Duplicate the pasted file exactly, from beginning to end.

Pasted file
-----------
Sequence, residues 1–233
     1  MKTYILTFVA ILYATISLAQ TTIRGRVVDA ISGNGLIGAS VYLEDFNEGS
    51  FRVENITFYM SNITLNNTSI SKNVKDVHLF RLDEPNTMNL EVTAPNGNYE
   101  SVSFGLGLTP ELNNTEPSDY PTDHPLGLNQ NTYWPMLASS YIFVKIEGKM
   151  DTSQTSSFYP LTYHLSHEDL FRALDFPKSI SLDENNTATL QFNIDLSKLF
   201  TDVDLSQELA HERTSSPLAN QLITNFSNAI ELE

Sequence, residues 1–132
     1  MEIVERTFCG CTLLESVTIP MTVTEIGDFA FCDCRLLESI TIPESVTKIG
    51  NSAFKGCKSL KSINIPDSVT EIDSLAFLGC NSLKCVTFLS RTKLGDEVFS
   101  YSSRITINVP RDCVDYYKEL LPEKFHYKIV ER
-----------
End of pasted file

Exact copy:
Sequence, residues 1–233
     1  MKTYILTFVA ILYATISLAQ TTIRGRVVDA ISGNGLIGAS VYLEDFNEGS
    51  FRVENITFYM SNITLNNTSI SKNVKDVHLF RLDEPNTMNL EVTAPNGNYE
   101  SVSFGLGLTP ELNNTEPSDY PTDHPLGLNQ NTYWPMLASS YIFVKIEGKM
   151  DTSQTSSFYP LTYHLSHEDL FRALDFPKSI SLDENNTATL QFNIDLSKLF
   201  TDVDLSQELA HERTSSPLAN QLITNFSNAI ELE

Sequence, residues 1–132
     1  MEIVERTFCG CTLLESVTIP MTVTEIGDFA FCDCRLLESI TIPESVTKIG
    51  NSAFKGCKSL KSINIPDSVT EIDSLAFLGC NSLKCVTFLS RTKLGDEVFS
   101  YSSRITINVP RDCVDYYKEL LPEKFHYKIV ER